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What are the 3Rs?
Apr 06, 2014
An agency may pay a recruitment incentive to a newly appointed employee if the agency has determined that the position is likely to be difficult to fill in the absence of an incentive. “Newly appointed” refers to the first appointment (regardless of tenure) as an employee of the federal government, an appointment following a break in service of at least 90 days from a previous appointment as a federal employee, or, in certain cases, an appointment following a break in service of less than 90 days.
Similarly, an agency may pay a relocation incentive to a current employee to relocate (permanently or temporarily) to accept a position in a different geographic area if the agency determines that the position is likely to be difficult to fill in the absence of an incentive. Generally, this involves a position more than 50 miles away, although there are exceptions.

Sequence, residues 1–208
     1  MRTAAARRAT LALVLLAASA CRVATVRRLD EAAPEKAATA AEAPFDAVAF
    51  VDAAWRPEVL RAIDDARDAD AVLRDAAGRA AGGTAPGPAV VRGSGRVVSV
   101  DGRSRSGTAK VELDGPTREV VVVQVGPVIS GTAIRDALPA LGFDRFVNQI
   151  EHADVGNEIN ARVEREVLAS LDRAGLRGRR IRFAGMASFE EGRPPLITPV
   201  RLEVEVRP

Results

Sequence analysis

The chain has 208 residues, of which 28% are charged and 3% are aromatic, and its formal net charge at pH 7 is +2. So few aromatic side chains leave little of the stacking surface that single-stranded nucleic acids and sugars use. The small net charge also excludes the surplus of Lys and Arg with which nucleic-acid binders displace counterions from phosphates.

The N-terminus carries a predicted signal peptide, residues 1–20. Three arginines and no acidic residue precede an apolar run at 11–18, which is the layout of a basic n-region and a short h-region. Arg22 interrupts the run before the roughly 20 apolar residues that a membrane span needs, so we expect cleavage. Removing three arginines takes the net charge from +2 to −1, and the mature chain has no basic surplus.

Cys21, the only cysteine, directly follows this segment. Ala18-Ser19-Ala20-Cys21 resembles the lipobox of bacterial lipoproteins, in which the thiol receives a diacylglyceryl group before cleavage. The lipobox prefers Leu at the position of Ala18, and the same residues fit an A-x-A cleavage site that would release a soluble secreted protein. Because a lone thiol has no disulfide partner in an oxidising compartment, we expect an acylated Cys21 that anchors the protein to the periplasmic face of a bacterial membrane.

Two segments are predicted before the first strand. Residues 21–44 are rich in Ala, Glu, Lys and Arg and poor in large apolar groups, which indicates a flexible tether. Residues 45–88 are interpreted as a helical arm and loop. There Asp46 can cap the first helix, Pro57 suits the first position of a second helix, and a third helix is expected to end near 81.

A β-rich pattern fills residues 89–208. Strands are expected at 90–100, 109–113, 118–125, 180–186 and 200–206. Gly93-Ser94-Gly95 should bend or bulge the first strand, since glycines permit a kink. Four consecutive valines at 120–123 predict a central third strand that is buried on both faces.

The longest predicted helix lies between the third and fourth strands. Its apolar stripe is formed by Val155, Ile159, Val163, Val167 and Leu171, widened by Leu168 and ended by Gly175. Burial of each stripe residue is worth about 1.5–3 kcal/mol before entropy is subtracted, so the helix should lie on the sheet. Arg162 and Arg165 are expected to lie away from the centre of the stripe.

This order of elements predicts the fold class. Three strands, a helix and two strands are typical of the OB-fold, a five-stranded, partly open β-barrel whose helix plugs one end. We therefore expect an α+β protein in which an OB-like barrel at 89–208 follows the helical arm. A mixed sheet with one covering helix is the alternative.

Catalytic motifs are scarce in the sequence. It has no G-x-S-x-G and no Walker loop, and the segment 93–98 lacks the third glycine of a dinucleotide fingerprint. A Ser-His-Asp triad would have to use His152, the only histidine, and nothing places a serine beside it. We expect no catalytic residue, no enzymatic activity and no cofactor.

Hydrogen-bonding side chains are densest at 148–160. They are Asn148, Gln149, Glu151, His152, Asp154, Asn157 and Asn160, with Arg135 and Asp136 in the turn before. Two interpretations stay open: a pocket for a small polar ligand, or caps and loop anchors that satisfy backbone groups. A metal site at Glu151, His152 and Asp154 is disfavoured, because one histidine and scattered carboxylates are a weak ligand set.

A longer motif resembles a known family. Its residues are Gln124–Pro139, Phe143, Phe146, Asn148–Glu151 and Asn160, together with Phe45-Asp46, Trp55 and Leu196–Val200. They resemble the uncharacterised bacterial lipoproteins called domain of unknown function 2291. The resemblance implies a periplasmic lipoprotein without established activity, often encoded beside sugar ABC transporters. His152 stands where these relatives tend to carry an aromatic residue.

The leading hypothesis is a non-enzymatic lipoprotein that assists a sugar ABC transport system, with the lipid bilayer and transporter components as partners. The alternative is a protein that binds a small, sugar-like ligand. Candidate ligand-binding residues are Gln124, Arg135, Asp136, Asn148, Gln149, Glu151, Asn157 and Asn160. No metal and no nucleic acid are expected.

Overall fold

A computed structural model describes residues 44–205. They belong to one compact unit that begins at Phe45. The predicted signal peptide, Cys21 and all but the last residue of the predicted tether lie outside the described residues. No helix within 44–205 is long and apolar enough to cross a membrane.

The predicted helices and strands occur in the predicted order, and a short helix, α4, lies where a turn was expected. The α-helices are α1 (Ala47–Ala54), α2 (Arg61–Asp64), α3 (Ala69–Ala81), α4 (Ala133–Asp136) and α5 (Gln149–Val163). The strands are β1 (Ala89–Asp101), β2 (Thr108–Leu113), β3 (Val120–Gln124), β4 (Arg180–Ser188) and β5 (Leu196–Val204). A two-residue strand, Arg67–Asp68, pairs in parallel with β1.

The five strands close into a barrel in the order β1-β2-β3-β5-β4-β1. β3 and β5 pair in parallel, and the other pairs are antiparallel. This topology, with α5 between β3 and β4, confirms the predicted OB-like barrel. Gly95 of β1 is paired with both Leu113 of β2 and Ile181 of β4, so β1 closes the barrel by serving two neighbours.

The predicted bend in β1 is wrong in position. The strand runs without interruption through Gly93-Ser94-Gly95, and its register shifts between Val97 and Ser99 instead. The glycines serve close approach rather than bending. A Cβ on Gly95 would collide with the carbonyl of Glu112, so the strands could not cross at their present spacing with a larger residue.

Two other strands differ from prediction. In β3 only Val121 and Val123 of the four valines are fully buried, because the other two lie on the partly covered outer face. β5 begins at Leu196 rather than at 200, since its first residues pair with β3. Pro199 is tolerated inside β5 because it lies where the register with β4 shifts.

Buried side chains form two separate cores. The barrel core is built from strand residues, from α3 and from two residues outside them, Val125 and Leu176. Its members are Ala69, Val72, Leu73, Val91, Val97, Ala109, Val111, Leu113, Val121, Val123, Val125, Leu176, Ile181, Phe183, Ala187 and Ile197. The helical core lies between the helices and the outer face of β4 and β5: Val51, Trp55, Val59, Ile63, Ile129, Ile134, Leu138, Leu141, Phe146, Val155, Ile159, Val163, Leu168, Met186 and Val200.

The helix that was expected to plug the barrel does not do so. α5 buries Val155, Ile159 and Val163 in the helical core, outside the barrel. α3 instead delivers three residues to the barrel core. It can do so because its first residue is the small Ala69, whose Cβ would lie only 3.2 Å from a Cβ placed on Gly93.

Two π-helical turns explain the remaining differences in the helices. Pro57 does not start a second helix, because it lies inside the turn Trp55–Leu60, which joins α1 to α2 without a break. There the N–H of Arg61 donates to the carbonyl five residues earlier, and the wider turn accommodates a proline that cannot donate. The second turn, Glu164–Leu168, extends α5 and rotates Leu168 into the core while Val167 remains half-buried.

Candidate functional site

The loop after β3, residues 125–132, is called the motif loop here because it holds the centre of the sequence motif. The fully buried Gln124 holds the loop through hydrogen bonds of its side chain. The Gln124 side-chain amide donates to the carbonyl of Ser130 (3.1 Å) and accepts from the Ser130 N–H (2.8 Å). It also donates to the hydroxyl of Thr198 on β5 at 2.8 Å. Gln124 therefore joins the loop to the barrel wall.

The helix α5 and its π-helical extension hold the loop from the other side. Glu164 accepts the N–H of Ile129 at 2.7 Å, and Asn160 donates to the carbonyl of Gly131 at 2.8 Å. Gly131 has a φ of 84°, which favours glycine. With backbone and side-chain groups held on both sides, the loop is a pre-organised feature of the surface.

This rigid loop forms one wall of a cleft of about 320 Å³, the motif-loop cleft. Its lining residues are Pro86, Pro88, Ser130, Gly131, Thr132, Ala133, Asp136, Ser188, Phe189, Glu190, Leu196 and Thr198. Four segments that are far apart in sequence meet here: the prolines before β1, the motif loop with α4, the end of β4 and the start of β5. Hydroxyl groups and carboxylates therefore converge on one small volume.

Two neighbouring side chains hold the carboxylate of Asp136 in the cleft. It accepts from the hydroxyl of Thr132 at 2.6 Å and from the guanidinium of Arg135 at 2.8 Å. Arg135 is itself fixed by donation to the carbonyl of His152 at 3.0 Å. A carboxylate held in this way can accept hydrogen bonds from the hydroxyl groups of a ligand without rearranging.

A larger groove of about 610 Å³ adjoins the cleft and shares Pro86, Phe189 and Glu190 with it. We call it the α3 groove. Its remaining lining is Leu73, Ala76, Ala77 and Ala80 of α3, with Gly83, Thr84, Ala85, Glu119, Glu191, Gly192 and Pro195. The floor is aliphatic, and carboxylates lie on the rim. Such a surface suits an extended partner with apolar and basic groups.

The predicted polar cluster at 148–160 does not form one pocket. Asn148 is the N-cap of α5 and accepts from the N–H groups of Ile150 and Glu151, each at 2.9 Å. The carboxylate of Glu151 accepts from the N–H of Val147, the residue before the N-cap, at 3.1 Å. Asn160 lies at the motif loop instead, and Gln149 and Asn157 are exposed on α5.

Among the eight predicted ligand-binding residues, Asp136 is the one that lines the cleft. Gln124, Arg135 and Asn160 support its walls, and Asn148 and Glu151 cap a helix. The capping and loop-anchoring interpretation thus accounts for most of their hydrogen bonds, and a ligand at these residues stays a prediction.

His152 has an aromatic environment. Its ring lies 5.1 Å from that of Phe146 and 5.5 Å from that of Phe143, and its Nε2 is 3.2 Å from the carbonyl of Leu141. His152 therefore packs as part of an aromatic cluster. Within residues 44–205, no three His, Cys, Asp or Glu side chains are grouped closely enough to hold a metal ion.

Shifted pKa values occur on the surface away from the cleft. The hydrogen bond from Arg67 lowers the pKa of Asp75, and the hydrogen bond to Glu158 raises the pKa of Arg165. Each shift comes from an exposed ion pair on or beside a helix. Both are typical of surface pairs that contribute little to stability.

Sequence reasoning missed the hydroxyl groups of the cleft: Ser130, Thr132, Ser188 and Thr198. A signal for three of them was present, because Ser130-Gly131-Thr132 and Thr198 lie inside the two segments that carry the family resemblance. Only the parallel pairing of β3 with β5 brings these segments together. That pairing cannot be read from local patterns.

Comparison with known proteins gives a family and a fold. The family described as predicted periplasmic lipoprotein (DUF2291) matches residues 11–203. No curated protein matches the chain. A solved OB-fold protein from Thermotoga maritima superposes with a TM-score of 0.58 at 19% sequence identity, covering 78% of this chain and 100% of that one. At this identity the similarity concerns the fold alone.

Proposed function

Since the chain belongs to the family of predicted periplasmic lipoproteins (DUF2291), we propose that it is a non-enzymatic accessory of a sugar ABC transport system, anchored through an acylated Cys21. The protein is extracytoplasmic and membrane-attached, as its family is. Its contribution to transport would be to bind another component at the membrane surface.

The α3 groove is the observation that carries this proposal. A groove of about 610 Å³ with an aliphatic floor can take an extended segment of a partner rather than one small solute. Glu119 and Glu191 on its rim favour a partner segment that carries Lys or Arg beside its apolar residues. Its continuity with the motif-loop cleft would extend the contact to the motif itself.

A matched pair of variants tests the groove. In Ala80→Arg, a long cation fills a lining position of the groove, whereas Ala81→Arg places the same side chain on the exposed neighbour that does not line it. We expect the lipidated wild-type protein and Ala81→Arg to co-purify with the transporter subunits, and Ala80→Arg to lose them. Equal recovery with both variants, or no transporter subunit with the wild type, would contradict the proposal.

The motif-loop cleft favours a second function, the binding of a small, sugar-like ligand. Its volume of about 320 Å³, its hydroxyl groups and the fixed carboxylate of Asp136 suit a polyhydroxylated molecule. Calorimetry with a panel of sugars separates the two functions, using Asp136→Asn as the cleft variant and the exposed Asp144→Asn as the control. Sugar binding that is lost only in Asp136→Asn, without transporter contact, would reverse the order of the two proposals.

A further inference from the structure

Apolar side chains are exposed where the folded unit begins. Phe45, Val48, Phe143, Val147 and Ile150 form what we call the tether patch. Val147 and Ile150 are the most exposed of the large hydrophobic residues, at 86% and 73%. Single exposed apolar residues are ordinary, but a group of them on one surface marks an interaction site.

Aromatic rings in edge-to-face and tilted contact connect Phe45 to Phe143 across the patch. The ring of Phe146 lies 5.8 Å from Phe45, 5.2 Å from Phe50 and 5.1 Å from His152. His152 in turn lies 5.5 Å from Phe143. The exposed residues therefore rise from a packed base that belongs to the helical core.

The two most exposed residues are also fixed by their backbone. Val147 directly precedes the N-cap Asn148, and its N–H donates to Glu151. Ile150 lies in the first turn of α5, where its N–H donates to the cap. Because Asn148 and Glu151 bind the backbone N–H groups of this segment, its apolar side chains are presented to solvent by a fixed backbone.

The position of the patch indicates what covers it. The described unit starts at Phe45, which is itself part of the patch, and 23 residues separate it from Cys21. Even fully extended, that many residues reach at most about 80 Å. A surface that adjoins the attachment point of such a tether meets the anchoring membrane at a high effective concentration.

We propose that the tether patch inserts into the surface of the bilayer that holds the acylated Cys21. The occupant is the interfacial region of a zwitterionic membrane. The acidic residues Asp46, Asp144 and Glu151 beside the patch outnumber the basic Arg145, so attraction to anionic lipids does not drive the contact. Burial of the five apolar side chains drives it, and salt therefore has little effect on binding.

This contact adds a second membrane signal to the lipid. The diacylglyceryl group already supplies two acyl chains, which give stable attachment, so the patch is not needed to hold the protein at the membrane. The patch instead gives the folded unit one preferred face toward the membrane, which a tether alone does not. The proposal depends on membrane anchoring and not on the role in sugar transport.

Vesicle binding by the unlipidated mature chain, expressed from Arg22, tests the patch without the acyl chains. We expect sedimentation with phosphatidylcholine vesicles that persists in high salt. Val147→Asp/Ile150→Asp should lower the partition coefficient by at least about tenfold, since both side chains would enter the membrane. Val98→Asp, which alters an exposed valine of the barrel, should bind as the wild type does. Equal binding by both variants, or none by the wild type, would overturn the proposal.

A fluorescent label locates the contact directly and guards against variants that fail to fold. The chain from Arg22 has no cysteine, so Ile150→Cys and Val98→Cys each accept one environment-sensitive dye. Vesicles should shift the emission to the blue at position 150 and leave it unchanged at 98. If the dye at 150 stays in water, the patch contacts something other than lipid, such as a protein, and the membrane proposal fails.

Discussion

An agency may pay a retention incentive to a current employee if the agency determines that the unusually high or unique qualifications of the employee or a special need of the agency for the employee’s services makes it essential to retain the employee and that the employee would be likely to leave in the absence of a retention incentive. An agency may pay a retention incentive to an employee who would be likely to leave for a different position in the federal service before the closure or relocation of the employee’s office, facility, activity, or organization, but not because the employee is likely to leave for another agency for any other reason. Retention incentives also may be paid to an entire group of employees under the same standards.
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Thrift Savings Plan
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